But the girl of fashion must be more than neat and healthy. There is a stylish way, or the reverse, for her to accomplish every movement, however simple. The way she sits or stands, how she walks, enters and leaves a carriage, carries a parasol or muff, gathers a wrap about the shoulders, adjusts the lorgnette or opera glass—all these require to be done fashionably, which, it must be confessed, is not always properly. Everybody can recall, if he must, the atrocities of the “Grecian bend,” and New Yorkers saw enough to be disgusted with the “Alexandra limp,” the stylish walk of a much more recent date. To-day the swell girls are treading upper Fifth Avenue, “as far as the flagging goes,” with an erect, supple carriage and springing gait, that betokens a knowledge of and practice in pedestrian exercise, for all of which we have the athletic fad to be grateful to.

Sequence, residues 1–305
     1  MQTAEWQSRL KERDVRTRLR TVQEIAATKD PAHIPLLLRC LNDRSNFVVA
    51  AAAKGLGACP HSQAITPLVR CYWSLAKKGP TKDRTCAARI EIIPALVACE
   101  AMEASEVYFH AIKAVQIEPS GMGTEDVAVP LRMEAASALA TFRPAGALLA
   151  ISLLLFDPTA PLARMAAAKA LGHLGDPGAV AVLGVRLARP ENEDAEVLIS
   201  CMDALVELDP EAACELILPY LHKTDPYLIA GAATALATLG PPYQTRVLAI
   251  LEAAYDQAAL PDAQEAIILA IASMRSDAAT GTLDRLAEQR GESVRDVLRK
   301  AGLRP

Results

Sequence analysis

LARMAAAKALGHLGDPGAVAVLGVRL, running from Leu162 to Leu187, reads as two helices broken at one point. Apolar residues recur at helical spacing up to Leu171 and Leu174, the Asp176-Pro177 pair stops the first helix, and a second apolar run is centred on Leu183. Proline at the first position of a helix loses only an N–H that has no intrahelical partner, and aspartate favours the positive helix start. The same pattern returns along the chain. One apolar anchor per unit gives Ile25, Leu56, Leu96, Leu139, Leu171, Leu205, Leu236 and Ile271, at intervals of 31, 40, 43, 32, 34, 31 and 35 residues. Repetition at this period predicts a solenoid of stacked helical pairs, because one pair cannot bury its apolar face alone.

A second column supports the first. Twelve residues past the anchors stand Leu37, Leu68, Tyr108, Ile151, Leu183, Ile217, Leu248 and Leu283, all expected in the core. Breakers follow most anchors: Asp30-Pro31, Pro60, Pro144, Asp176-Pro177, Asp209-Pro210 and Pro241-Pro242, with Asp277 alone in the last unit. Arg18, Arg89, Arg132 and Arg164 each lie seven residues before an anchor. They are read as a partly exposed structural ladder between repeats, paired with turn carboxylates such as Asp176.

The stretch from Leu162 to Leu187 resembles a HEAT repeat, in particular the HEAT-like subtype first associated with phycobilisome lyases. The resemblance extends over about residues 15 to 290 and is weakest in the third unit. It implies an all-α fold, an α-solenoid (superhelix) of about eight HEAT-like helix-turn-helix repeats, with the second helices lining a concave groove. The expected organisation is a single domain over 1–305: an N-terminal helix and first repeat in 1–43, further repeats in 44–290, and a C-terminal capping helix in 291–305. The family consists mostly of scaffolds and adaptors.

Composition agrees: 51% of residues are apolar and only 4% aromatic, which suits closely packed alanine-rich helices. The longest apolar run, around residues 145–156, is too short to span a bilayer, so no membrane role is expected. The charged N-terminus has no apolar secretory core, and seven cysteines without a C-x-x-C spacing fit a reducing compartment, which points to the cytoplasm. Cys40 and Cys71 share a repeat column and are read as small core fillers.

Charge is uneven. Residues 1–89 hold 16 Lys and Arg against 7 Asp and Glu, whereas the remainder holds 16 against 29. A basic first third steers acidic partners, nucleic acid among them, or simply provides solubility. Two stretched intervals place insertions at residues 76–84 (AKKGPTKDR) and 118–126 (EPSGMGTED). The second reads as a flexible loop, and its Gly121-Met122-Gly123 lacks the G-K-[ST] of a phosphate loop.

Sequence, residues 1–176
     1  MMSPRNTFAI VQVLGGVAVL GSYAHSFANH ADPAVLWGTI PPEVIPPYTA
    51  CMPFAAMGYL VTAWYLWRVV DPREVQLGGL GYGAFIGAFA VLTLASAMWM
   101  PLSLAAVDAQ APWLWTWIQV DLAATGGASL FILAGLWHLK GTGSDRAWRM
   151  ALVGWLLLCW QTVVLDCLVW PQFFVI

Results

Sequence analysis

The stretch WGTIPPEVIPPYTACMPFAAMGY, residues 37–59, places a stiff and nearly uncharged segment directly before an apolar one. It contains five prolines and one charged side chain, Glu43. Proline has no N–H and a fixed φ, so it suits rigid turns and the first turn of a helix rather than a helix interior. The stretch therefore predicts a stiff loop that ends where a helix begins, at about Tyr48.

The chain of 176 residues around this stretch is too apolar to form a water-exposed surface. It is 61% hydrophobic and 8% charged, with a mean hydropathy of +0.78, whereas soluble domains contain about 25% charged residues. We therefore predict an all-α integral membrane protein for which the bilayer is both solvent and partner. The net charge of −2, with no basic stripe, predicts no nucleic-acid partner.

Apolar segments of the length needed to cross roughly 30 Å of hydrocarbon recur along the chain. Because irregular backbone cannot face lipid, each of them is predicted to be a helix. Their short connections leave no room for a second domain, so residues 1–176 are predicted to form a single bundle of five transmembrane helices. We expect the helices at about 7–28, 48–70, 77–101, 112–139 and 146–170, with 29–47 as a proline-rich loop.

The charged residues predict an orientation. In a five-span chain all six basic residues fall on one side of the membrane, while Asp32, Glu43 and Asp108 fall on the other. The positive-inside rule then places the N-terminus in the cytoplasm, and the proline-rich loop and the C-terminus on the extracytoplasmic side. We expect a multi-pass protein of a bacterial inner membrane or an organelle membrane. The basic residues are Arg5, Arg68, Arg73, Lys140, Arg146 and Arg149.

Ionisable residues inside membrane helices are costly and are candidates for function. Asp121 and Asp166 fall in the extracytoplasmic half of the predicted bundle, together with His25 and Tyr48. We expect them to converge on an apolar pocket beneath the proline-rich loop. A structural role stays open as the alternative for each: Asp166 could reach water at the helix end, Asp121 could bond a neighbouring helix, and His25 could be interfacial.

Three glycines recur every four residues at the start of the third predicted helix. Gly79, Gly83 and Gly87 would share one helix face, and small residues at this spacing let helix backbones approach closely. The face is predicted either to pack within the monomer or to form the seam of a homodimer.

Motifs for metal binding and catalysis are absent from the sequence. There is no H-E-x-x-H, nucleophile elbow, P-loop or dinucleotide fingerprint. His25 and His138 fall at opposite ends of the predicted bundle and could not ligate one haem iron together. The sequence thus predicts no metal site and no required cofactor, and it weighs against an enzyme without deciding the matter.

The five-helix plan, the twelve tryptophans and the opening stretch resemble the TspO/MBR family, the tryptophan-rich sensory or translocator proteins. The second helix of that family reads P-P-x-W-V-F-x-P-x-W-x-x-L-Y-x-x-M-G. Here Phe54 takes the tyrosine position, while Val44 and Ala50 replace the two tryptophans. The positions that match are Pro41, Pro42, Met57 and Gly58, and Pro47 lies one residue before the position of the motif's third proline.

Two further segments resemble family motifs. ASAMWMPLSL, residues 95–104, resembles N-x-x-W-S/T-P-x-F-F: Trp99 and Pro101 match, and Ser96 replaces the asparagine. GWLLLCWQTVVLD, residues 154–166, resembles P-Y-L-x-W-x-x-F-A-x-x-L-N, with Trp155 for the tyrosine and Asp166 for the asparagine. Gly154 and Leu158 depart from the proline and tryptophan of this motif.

Accent and intonation are two prominent factors in the curriculum of the four hundred. There are really two voices in use in fashionable society to-day, either of which is considered quite proper. One swell girl speaks rapidly and without much inflection, and while her voice is not loud there is a penetrating timbre to it which makes it very distinct and easily heard. It is a pleasant voice when it is not too manifestly an artificial one. Some girls overdo the matter and acquire a nasal tone that is objectionable. The other equally swell girl has, or thinks she has, the English drawl. She pitches her tones in a considerably lower key than her fashionable sister, and it would seem that in crossing the water this production imbibed the wave motion of the sea, for it undulates gently but regularly as its Anglo-American possessor lets it glide sinuously from her pretty lips. It is a detestable affectation unworthy an American girl. Let him admire it who will.